“When moving your clocks forward, remember to check every level of your home for working smoke and CO alarms,” said Alexander Hoehn-Saric,...

    Exposure to wildfire smoke can increase the risk of premature birth, new research suggests.

    For the study, the researchers reviewed birth certificates and hospital delivery data for more than 2.5 million pregnant women in California from 2007 to 2012, and used satellite images and ZIP codes to compare daily estimates of wildfire smoke intensity.

    The study found that from the four we...

    In the wake of natural disasters like wildfires that have destroyed whole communities with alarming speed, some folks are focused on the beloved pets left behind — and how to save others in the future.

    More than 1,000 pets died in the Marshall fire on Dec. 30, 2021, in Boulder County, Colo., according to

    In 2021, U.S. emergency rooms treated more than 193,000 burn injuries caused by an array of products, ranging from cooking devices to fireworks and space heaters.

    Most of these burns were preventable, according to the Consumer Product Safety Commission.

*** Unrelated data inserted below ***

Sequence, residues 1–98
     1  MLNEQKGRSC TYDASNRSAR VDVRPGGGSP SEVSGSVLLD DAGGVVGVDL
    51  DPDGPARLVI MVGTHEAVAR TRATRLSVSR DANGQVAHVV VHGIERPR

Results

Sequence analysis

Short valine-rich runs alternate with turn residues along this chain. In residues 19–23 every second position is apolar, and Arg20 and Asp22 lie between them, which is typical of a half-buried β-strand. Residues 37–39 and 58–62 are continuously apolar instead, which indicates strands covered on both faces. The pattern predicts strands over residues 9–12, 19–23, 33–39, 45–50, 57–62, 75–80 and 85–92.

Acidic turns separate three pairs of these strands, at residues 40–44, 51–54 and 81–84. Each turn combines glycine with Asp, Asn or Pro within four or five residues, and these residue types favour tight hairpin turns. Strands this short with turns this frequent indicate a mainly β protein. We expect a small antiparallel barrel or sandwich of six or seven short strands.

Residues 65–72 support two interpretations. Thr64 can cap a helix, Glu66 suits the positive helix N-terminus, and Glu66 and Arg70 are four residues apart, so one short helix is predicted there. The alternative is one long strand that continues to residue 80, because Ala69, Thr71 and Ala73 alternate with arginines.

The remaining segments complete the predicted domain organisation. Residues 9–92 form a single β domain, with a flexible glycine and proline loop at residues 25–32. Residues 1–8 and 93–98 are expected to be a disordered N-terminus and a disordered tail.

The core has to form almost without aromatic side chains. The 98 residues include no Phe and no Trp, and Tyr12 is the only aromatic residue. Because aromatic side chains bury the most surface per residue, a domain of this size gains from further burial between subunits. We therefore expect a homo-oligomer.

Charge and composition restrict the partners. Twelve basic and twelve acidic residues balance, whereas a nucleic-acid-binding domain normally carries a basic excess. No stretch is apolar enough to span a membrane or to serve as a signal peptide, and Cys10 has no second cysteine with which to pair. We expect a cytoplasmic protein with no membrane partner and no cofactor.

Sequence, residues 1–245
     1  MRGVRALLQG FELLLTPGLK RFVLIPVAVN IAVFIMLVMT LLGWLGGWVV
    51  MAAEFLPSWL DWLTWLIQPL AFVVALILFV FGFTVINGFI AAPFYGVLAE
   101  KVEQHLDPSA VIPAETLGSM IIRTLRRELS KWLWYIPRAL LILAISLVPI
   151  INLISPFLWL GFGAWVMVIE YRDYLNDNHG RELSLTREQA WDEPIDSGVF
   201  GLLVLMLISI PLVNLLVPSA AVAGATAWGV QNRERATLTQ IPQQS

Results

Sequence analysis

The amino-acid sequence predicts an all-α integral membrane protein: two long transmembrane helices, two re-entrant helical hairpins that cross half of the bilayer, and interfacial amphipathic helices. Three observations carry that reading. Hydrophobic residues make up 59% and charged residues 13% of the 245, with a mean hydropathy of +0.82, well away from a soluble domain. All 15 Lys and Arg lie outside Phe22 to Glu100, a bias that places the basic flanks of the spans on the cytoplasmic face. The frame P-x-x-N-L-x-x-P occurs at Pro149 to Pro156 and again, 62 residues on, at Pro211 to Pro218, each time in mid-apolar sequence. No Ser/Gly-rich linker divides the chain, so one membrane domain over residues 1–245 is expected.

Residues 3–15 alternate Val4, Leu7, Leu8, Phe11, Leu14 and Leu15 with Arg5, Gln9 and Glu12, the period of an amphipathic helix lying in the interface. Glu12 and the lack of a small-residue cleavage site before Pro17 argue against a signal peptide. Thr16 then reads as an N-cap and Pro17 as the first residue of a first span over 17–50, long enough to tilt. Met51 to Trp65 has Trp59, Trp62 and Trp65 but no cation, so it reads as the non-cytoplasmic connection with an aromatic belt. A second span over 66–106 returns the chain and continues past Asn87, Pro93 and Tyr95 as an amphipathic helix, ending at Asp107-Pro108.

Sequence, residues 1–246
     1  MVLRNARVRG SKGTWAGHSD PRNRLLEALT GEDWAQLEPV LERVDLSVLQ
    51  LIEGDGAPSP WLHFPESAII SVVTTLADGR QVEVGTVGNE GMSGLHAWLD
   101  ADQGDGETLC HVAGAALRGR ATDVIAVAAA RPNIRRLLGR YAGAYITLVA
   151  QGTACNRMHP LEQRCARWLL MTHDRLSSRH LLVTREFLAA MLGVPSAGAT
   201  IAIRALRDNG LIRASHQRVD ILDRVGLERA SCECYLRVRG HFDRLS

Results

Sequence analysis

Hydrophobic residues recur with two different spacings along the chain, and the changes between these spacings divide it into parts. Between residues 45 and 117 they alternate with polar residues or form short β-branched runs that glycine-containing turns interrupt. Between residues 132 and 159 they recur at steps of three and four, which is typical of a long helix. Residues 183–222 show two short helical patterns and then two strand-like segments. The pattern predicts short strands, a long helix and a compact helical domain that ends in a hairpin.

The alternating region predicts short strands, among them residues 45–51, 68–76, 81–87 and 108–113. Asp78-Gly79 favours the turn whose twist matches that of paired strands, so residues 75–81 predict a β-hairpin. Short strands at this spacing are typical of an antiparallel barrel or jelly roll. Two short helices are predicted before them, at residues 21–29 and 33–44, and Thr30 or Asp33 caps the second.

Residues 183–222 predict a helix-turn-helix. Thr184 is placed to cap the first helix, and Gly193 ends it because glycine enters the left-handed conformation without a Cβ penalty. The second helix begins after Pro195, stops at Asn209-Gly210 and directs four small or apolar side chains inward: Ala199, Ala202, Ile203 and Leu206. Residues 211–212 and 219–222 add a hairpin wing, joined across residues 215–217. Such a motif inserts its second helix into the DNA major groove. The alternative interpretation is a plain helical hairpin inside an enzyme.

Children under age 10 are especially vulnerable, accounting for 26% of all burn injuries in 2021, according to a commission news r...

    Fires started by people account for a majority of premature deaths related to inhalation of tiny smoke particles in the United States, a new study reveals.

    These blazes, which are increasing, led to 20,000 premature deaths in 2018. That was 270% more than in 2003, according to researchers at Massachusetts Institute of Technology, in Cambridge.

    More than 80% of the premature deaths ...

    Some Americans appear to be moving from areas with frequent hurricanes and heat waves to places threatened by wildfire and rising heat.

    They're trading in the risk of one set of natural disasters for another because the wildfires are only beginning to become a national issue, according to researchers.

    "These findings are concerning, because people are moving into harm's way -- into...